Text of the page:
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Property Dispute Becomes Symbol of Problems for Foreign Investors in Russia - 2002-08-13

A long-running dispute between a Russian property company and the foundation of billionaire philanthropist George Soros is focusing attention on the problems Western investors can run into when doing business in Russia. A Moscow court recently ruled in favor of the Soros Foundation's Open Society Institute in the dispute, but instead of ending the matter tensions have only increased.

The dispute centers on the allegation that the Russian property company changed a lease agreement with the Soros Foundation after it was signed, forging a stipulation that the foundation had to buy the building.

The court ruled that the foundation had no such obligation and may simply lease the building.

But rather than end the matter, tensions increased this past week when private security guards brought in by the landlord occupied the Central Moscow building.

Yekaterina Geniyeva is the Director of the Soros Foundation's Open Society Institute in Moscow. She describes what happened. "When I arrived early in morning, I saw the gate locked, our cars being prisoners in the yard, and militia men standing with their guns close to the gate," he said. "These people also tore the sign of the Soros Foundation off the gate. And at some point I gave the orders to knock down the lock off the gate."

Ms. Geniyeva says more than a week later the armed guards are still on the scene, though some, if not all, padlocks have been removed. She says the landlord's actions make the building unusable and have forced the foundation to suspend meetings with visitors indefinitely.

Ms. Geniyeva says she is worried what might happen next and has begun hoarding water and alternate sources of power for the building, in the event such services are eventually cut off by the landlord.

The landlord, Kantemir Karamzin, disputes Ms. Geniyeva's contention. He says the building is still accessible to visitors and that the Soros Foundation is only closing it to the public for publicity reasons.

He says he is the true victim in the case. Mr. Karamzin says his company has no claims on the property but that the Soros foundation owes ten months of charges for water, electricity, sewage and the parking lot rent. Until they pay, he says, they will not be getting any of those services.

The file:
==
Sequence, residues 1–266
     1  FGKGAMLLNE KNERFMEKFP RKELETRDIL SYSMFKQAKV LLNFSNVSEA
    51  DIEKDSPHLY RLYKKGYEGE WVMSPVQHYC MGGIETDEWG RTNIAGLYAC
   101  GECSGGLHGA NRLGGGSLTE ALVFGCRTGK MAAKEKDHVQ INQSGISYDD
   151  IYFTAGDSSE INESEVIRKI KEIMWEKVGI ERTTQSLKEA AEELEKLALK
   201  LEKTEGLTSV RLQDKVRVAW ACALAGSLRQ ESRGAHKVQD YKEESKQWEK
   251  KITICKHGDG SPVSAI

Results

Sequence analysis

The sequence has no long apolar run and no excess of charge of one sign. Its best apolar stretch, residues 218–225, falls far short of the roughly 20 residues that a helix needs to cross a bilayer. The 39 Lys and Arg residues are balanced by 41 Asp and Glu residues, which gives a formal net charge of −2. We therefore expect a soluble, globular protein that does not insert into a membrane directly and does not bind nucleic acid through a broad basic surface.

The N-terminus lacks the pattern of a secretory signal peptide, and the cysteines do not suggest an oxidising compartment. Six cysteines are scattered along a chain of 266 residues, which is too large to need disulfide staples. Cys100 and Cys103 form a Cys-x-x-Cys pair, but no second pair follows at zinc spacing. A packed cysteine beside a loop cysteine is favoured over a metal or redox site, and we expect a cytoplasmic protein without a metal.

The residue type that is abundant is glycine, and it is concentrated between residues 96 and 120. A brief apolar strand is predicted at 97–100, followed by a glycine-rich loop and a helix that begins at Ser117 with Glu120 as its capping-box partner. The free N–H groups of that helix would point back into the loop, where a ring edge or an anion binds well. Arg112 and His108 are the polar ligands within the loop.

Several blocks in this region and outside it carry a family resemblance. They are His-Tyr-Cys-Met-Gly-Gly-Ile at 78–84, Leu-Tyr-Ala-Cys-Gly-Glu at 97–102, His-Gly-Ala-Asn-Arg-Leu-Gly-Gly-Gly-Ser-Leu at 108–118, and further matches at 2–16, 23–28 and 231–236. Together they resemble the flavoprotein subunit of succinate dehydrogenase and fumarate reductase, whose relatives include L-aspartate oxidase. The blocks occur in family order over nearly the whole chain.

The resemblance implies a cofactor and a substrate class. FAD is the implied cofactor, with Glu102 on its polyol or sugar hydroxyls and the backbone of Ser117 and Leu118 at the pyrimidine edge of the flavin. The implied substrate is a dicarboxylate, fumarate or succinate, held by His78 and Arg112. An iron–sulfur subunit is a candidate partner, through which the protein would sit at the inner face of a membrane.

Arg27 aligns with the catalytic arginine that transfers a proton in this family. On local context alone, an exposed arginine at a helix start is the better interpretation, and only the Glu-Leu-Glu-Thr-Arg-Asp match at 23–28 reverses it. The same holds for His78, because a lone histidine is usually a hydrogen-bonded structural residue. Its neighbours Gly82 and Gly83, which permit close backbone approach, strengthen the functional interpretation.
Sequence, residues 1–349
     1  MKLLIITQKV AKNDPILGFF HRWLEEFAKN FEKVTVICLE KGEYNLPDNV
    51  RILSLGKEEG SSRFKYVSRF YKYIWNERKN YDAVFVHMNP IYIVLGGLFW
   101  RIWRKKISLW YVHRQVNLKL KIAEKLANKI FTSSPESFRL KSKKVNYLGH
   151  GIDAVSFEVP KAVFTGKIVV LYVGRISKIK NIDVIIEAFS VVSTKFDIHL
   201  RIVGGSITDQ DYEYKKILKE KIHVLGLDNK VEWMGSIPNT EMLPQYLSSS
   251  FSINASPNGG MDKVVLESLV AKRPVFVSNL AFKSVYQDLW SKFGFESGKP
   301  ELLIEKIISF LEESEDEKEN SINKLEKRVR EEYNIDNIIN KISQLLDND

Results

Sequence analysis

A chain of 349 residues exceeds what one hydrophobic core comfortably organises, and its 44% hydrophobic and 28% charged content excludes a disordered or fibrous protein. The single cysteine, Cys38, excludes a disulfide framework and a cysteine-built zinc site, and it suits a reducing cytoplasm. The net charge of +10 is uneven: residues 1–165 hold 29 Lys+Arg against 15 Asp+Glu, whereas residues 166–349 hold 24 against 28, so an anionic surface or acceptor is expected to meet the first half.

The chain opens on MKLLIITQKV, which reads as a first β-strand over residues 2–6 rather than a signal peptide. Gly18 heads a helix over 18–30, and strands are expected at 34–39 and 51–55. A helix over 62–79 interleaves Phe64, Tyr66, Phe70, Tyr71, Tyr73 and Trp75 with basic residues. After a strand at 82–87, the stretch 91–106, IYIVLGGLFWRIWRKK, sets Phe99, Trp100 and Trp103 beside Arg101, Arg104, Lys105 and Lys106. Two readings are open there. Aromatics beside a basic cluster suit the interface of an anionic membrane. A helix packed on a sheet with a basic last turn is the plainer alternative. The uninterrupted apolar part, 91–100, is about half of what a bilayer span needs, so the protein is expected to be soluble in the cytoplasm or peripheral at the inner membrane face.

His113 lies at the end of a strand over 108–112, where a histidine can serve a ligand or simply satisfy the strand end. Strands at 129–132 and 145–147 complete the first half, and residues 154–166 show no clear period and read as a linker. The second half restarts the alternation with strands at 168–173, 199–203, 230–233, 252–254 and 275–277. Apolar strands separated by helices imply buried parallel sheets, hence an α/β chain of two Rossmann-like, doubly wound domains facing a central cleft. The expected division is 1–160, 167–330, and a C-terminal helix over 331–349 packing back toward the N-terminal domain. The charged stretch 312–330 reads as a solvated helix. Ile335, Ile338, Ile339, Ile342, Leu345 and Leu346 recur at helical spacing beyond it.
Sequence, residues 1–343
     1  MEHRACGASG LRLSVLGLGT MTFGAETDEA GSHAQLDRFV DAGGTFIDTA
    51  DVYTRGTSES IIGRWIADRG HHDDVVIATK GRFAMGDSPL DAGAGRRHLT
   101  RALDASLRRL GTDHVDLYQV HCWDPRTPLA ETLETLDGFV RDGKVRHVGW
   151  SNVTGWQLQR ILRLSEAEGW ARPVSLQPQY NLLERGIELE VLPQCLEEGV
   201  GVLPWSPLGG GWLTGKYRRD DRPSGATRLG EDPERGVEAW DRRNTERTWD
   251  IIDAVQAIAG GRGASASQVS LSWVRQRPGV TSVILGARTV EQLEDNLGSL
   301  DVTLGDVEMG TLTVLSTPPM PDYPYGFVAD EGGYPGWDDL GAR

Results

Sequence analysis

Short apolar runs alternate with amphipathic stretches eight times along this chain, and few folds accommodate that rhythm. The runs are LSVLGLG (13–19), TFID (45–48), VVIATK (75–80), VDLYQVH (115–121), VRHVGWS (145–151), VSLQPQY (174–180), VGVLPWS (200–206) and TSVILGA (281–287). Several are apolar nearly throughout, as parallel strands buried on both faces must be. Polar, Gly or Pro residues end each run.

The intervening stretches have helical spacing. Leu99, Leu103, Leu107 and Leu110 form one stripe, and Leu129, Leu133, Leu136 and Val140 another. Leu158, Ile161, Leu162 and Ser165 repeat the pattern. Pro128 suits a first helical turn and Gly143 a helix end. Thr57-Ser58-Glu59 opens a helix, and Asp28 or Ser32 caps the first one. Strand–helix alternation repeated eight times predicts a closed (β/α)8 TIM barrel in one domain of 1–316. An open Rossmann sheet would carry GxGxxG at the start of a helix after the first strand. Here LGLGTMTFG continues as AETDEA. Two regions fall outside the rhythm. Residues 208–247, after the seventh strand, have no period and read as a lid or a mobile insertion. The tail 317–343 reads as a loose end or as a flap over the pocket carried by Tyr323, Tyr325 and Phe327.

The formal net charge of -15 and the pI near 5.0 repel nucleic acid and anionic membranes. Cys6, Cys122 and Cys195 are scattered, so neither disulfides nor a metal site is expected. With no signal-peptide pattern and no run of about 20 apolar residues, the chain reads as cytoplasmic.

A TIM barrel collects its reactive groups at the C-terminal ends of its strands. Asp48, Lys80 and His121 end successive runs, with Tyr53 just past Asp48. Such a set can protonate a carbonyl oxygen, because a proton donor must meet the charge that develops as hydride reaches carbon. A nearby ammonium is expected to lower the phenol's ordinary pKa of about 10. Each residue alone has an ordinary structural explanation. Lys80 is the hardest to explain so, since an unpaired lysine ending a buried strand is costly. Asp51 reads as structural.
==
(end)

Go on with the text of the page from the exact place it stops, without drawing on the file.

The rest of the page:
Ms. Geniyeva says the dispute has been such a distraction that the foundation has been unable to implement some $10 million worth of programs on projects ranging from fighting tuberculosis in prisons, to judicial and media reform, anti-corruption programs and book distribution.

She also says in view of the developments founder George Soros plans to come to Russia in October to review funding for the 40 existing projects in Russia.

In the 15 years the Open Society Institute has worked in Russia, it has spent $1 billion throughout the country on programs aimed at helping teachers, students, scientists, journalists, prisoners and women and children, among others.

In view of the problems the Soros Foundation has had, Ms. Geniyeva says western investors should be careful in all real estate dealings in Russia.

"The most important thing for us is not the building, of course, it's the principle, it's the rule of law, and to continue our work in Russia to continue fulfilling our mission, which is civil society, rule of law, education, culture, and [improving the] health of Russians," he said.

Mr. Karamzin states a different set of priorities, when asked if he was worried such cases could scare off lucrative potential future investment in Russia.

He says, of course he cares for Russia and its image, but he says he cares for his own pocket more.

Mr. Karamzin has appealed the recent court ruling and says he is confident he will ultimately be found in the right.

Meanwhile, Russia's Interfax news agency reports a group of prominent writers and public figures has written to Russian Prime Minister Mikhail Kasyanov asking him to intervene in the case. The letter says the dispute can only have a negative effect on foreign investment in Russia.

Alexei Moiseev, Vice President of Renaissance Capital Investment Group in Moscow, agrees. Mr. Moiseev also says Russia still has a long way to go toward ensuring compliance with international fair business practices.

"In terms of protection of the legal system and protection of property, not only for foreigners, we all know, obviously, that the legal system is not as strong as it probably should be," he said. "And we do see it is being manipulated by various interests. So, I wouldn't make any difference between foreigners and domestics, it is just not particularly efficient anyway."

Meanwhile, potential and present investors are watching this case to see how it is resolved, if at all. They are not alone. Scores of other people who receive assistance from the Soros-funded programs also watch with anticipation and interest.